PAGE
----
B.S. Biology, 1994, Westminster College, New Wilmington, Pennsylvania
M.S. Biomedical Science, 1997, Kent State University, Kent, Ohio
Ph.D. Physiology, emphasis: Exercise Physiology and Muscle Biology, Ohio University, Athens, Ohio
Pre-Medicine and Pre-Allied Health
Terrain and elevation adaptations of skeletal muscle in native Utah woodrats.
Southern Utah is home to several species of the woodrat (Neotoma), rodents that are native to much of the western United States. However, due to southern Utah’s uniquely diverse geography, woodrat species can be found at varying elevations and widely different terrains while still within a limited geographical region. Extensive study of Utah’s woodrat species has demonstrated differences in their behavioral patterns based on habitat distribution. However, very little is known about their physiological adaptations to differences in habitat. Numerous studies in humans and other species of rodent have shown significant changes in skeletal muscle metabolic capacities and fiber type distribution due to differences in habitat. The purpose of this project is to determine whether elevation and terrain will cause significant alterations in the structure and function of skeletal muscle.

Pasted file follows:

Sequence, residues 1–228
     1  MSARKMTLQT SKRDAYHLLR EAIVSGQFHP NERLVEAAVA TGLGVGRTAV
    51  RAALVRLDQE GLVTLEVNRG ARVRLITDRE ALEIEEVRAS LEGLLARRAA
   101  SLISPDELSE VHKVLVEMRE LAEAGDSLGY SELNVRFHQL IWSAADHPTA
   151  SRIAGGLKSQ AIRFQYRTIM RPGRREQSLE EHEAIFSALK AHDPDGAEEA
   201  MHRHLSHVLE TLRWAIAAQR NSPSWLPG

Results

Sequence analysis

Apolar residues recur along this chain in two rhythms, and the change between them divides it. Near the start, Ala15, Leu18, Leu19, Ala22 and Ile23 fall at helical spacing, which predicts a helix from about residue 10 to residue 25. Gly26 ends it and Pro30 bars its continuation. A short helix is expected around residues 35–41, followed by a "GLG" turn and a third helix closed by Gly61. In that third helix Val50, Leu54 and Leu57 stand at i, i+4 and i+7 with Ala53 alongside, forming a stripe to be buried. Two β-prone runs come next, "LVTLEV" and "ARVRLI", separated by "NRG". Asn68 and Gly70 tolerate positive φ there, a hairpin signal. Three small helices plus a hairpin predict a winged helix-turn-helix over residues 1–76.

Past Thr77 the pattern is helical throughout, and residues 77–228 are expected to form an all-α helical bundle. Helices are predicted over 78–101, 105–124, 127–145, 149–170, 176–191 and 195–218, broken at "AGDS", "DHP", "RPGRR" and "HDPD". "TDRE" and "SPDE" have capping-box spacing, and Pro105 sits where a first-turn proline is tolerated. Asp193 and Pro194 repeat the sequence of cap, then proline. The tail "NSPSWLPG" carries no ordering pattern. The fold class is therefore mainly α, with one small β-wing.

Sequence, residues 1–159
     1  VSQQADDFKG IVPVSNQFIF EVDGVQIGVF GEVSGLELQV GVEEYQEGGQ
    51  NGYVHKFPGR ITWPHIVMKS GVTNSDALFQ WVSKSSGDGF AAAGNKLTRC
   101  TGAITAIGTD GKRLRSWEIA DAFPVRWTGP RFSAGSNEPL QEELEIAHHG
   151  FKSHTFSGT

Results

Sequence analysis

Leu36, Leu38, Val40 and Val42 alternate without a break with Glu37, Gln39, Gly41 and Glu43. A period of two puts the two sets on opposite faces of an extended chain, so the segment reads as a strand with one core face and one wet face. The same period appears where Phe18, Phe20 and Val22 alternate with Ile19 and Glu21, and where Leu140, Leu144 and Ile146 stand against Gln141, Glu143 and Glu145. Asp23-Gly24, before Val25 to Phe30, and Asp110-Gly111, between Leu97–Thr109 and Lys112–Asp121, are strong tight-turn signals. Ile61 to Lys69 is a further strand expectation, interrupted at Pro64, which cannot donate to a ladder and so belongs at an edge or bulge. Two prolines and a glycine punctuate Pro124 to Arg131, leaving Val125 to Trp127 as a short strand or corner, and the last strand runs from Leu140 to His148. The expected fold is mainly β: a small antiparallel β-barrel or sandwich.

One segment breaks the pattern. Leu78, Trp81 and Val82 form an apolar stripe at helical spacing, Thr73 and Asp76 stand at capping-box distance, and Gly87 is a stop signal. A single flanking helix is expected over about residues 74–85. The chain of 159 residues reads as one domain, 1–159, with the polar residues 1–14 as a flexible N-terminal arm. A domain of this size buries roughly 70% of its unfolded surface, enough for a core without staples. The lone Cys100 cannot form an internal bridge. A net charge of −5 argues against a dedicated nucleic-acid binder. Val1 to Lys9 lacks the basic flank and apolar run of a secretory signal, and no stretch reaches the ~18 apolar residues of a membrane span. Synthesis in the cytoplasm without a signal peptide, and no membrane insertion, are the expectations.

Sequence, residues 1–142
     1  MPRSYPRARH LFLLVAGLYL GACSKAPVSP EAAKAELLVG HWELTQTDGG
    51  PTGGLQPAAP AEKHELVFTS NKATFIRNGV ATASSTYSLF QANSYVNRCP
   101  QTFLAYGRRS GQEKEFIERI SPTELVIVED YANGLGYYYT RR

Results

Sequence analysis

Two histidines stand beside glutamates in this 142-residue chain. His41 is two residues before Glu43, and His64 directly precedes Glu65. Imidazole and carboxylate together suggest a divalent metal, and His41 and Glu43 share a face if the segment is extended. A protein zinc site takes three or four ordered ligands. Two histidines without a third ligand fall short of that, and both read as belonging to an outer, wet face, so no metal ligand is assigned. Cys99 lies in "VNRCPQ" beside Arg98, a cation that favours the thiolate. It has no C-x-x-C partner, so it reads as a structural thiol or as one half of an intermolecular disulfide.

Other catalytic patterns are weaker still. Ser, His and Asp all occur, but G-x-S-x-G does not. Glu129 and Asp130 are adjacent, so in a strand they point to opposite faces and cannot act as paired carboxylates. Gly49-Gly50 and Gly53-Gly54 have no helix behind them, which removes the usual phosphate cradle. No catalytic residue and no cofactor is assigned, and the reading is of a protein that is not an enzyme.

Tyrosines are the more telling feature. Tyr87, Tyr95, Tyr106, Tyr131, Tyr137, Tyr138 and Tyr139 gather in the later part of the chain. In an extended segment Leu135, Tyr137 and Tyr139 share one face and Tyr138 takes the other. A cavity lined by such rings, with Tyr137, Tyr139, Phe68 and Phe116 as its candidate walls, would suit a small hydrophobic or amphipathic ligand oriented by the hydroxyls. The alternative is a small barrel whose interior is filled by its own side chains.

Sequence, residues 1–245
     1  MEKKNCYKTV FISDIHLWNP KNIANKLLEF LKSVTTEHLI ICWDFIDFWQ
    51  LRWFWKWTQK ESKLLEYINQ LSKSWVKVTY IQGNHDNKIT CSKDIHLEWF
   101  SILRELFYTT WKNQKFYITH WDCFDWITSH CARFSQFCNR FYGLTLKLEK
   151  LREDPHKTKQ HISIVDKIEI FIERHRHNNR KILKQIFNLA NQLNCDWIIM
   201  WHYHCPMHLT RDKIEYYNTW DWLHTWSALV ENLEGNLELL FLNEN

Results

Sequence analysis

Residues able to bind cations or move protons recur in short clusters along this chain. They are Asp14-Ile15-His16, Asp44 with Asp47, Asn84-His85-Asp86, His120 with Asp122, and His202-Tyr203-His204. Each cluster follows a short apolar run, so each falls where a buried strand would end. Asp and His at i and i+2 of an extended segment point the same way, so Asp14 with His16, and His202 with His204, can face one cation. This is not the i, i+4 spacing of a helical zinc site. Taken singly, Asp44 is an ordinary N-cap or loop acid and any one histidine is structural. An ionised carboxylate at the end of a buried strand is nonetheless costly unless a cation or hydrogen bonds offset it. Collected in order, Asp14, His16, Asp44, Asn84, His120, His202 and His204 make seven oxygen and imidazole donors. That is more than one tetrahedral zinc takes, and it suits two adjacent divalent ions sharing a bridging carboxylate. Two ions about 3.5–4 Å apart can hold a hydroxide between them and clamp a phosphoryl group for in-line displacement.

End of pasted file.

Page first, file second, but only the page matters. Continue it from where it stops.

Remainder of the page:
Student Involvement: Derrick Gale, Jaron Traveler, Rhett Smith.
Evaluation of hand/forearm strengtheners by changes in grip strength and electromyographic activity.
The consumer fitness market is constantly being inundated with new exercise devices. This is largely fueled by the nation’s continued and growing interest in health and fitness. The devises in question, hand/forearm strengtheners, promise everything from improved athletic performance to prevention and rehabilitation of conditions such as carpal tunnel syndrome. However none of the devices in this study have undergone testing to prove such claims and most evidence of their efficacy is based on select customer testimonials. Therefore, the goal of this project is to perform an independent analysis of three hand/forearm strengtheners. Three companies have donated their devices to be tested in the study.
Student Involvement: Derek McCallister, Zach Larson, Ronald Larson, Kyler McEwen.
Evaluation of intra-subject variability of EMG measurements when using a novel method of normalization. 2004-2005. Richard Mahon and Erin Eick.
Differences in metabolic cost of exercise ergometers. 2004-2005. Michael Kiedrowski and Allison Jones.
The effects of a holistic treatment on growth of Neisseria gonorrhea. 2004-2005. Kelly Filipski.
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